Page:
New Zealand Monetary Tightening Paused

September 15, 2010

New Zealand’s Official Cash Rate was left unchanged at 3.0%, having been hiked by 25 basis points each at the prior two meetings on July 29 and June 10.  Opinions had been split over whether a third increase would be sanctioned.  The July statement conceded that the “pace and extent of further OCR increases is likely to be more moderate than was projected in the June Statement.”  A new statement just released reiterated that thought, although also asserting, “over time, it is likely that further removal of monetary policy support will be required.”  In pausing policy, officials cited the disruptive impact of the September 4th earthquake, the continuing caution of households (e.g., soft consumption, falling home sales and flat real estate values), and slower global growth prospects.  Headline inflation is likely to rise for special factors over the coming year, but officials do not expect the increase to impact expected inflation or to endure.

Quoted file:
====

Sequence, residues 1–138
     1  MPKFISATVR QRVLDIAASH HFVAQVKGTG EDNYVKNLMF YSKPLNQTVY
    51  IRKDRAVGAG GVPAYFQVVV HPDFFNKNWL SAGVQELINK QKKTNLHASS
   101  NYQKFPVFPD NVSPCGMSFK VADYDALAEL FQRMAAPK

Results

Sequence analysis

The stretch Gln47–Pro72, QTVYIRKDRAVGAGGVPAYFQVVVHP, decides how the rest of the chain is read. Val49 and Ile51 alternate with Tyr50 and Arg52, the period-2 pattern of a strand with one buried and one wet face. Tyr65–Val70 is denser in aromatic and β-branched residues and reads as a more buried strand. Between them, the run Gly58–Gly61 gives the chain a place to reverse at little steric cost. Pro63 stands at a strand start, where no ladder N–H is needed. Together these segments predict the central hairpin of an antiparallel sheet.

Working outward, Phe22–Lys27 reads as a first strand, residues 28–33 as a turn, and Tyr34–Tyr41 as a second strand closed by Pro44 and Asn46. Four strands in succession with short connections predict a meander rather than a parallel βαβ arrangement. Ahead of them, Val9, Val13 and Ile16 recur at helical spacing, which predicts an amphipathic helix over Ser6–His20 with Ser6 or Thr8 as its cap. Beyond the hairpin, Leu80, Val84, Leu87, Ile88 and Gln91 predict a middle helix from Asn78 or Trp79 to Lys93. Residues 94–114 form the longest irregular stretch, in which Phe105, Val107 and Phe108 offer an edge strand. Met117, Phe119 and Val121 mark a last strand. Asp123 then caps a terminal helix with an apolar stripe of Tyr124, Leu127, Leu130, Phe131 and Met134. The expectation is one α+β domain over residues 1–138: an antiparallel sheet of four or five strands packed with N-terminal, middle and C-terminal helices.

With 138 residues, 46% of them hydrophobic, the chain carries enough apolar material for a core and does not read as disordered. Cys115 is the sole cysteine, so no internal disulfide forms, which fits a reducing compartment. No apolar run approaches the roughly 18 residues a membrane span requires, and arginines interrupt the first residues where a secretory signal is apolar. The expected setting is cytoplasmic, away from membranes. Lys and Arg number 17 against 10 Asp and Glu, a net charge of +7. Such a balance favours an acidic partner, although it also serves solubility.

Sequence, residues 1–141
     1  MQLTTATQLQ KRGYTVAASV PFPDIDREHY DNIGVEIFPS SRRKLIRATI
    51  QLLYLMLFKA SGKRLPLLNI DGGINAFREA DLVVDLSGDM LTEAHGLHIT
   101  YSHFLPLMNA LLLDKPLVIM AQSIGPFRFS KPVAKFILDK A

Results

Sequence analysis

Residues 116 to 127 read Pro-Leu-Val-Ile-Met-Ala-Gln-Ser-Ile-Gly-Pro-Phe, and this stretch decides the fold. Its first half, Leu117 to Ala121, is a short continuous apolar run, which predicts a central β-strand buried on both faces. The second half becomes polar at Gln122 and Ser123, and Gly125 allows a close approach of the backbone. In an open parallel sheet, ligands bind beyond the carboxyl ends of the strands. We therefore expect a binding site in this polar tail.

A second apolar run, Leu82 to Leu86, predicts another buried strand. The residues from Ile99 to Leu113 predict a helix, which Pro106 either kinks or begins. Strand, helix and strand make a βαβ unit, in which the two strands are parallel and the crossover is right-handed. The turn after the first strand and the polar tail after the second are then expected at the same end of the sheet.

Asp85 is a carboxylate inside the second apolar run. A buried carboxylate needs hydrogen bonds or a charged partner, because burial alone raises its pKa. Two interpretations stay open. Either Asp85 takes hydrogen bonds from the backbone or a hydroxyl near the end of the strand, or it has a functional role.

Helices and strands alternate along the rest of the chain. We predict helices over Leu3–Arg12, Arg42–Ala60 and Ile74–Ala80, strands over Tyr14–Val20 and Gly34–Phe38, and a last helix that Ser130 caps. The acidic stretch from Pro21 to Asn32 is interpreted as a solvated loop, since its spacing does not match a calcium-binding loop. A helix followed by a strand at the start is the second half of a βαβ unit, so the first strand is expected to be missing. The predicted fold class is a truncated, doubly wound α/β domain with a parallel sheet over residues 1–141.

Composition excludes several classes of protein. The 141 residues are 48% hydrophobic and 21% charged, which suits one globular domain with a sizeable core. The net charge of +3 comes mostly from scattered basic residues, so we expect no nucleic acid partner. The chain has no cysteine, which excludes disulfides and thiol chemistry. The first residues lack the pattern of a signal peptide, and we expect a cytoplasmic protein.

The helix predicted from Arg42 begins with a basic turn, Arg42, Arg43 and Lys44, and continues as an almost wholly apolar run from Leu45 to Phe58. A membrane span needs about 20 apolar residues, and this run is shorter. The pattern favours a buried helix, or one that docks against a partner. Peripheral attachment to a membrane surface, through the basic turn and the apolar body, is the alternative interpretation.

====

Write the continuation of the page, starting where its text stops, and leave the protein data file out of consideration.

Real GDP expanded by a slower 0.6% in 1Q10 than the 0.9% pace in the final 2009 quarter.  GDP was 1.9% higher than in 1Q09.  CPI inflation at midyear was at 1.8%.  Today’s statement, unlike the one in July, did not mention the kiwi.  July’s warned that exchange rate appreciation was “inconsistent with the softening in New Zealand’s economic outlook and moderation in our export commodity prices.”

Between July 2007 and July 2008, the OCR was slashed to 2.5% from 8.25%.  The June Statement had projected it would rise 175 bps over the year to 2Q11 and another 125 bps in the subsequent statement year.  Officials no longer expect increases of such a large magnitude.

Copyright Larry Greenberg 2010.  All rights reserved.  No secondary distribution without express permission.



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